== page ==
Snakes are notorious escape artists. Now, I’ve heard this said many times, but I always thought it was an over-exaggeration, primarily because I’d never had any first-hand experiences with it: until last night that is.
Let me say right off the bat that Havana really only escaped for a total of five minutes, and she’s back in her tank, safe and secure, sleeping as I type. The picture below is proof of this fact (you may also notice that she refused to eat, even after we left her food in the tank with her the whole night). That being said, Thomas and I did have a little bit of a scare yesterday.
We tried to feed her at around 1:00 AM. She was up, roaming around her tank and looking active as she used to before she went on her hunger strike. Now, I’ve heard a couple of breeders say that they can immediately tell when their snakes are hungry, because they poke their heads out and look expectantly at them or something along those lines, but although I’m optimistic, I still haven’t yet developed the skill of being able to tell when Havana is hungry. So I do what general consensus seems to suggest and offer her food about once every 10-14 days (unless she’s about to shed, which is when I know for sure she won’t eat).
Unfortunately for me, my desire for Havana to eat is just not enough to make her hungry. This is either the second or third rat we’ve given her that she’s refused. I can’t even keep track anymore. That being said, she still looks happy and healthy, so I’m just going to trust that she knows when she’s hungry and will eat once she’s good and ready.
Now back to the escaping. At 1:00 AM, with a dry, warm rat, we made our way to Havana’s tank, opened one of the two locking lids on the top of her enclosure (the left one), dropped her food in, made it dance for her, and watched her slither away from her food completely disinterested. I told Thomas to turn off all the lights and we closed the door behind us to give her some privacy in case she would eat.
We came back an hour later to find that she hadn’t eaten. So we warmed up the rat by putting it into a plastic bag and running it under warm water again. We took it back to Thomas’ office, put the rat in the tank, turned off all the lights, closed the door, and left.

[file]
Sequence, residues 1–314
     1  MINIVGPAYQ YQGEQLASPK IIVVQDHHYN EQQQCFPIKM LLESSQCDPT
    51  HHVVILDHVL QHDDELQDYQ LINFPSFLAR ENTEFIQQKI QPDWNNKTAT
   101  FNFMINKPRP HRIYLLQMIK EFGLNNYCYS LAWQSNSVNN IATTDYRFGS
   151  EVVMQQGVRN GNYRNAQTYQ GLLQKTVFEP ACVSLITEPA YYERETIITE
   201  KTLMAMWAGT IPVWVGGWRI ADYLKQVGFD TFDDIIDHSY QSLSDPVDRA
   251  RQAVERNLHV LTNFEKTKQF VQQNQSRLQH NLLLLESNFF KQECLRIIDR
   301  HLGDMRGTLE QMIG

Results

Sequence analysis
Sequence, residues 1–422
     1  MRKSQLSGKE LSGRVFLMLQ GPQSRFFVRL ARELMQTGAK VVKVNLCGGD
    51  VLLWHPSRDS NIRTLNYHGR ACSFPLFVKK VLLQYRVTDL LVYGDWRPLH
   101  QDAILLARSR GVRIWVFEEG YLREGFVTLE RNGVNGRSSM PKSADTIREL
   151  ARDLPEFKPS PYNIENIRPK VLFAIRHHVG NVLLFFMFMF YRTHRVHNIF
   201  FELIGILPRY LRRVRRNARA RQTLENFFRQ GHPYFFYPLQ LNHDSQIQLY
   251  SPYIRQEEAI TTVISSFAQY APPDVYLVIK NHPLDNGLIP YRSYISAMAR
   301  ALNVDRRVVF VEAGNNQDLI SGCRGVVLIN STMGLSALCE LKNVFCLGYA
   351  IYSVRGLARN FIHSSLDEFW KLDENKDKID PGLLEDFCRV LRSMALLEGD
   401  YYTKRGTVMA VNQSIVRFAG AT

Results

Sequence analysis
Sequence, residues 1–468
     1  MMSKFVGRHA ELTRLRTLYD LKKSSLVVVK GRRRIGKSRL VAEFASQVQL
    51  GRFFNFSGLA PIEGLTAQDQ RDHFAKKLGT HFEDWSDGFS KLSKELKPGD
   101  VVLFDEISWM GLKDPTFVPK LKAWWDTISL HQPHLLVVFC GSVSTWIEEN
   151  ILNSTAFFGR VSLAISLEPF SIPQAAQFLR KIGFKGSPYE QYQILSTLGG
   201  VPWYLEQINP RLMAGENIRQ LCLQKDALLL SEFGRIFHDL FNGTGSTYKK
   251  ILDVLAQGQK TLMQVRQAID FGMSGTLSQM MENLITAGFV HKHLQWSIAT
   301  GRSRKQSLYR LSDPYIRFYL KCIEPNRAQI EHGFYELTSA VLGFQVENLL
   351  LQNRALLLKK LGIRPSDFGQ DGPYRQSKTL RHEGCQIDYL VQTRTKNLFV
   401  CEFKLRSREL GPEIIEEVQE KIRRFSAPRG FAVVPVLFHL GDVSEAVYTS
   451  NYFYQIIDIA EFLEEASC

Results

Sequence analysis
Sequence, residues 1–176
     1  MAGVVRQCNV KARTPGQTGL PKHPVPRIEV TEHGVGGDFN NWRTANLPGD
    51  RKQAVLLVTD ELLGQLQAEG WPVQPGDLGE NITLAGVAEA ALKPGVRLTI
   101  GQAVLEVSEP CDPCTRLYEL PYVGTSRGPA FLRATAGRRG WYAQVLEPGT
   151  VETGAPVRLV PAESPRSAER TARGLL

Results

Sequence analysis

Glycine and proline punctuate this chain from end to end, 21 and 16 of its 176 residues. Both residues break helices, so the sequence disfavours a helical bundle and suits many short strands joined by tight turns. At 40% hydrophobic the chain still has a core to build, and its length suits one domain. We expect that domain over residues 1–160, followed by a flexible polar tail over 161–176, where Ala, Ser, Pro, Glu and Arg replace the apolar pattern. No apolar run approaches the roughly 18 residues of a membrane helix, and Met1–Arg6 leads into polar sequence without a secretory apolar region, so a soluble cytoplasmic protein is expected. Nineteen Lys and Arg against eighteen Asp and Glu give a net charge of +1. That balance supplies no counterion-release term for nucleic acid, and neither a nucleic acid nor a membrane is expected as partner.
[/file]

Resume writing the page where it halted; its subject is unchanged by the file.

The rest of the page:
Thomas and I were watching TV for a good half hour. Then, out of nowhere, we hear an incredibly loud thud. You know, the type of thud that makes you think your whole computer just took a dive off your desk. A loud one.
I immediately turn to Thomas. “Did you close the lid before you left?” He doesn’t need to answer the question. We both know what happened.
We’re in his office in no time at all, my eyes darting around her enclosure. It was her for sure; she wasn’t in her tank. I look behind the dresser that her enclosure is on. I look on the left side first, the side nearest to the open lid: nothing. I look on the right, and there she is, sitting right next to the heat vent, still as ever, her head hovering right above the vent, pretty much just enjoying the warm air. What a snake.
Thomas drags the left side of the dresser away from the wall so I can pick her up from behind. I squeeze in and pick her up from the tail, scolding her verbally (like that’s going to help). I put her back in her enclosure, much to her reluctance (she kept squirming to get away, but we very well can’t have a loose snake around the house), and locked the lid.
She spent the rest of the night pacing her tank with her head up, completely disinterested in her food, hoping for one of the lids to open again so she could make her second appearance as an escapee. I’m hoping we never give her that chance again, not even by accident, although it would be interesting to have seen how she got out.
Since her hide is just under the lid that was open, she probably used it to prop herself up, then getting about a foot of her body out onto the top of the enclosure, she dragged the rest of her body up with her insanely strong muscles. They really aren’t kidding when they say that snakes are escape artists. Needless to say, Thomas and I will be double and triple checking that we locked the lid each time we leave food in the enclosure. And as for our little escapee, she’s absolutely safe, and if anything, seems to be more excited than ever at having gotten away. Snakes drop from trees all the time in their natural environments, so a little fall like that was absolutely nothing to her. And she’d do it again in a heartbeat for the thrill, I’m sure.
I’m just happy we heard the thump and were therefore aware that she had escaped. If there was something near the enclosure that she could have climbed onto, we may not have noticed that she was out for a while, until we returned to check up on her to see if she’d eaten her rat. So luckily, our current setup, of having her enclosure about 1 foot away from the wall and everything else, saved us by forcing her to drop to the ground, meaning we knew fairly soon after she broke out.
That was definitely enough excitement for one day.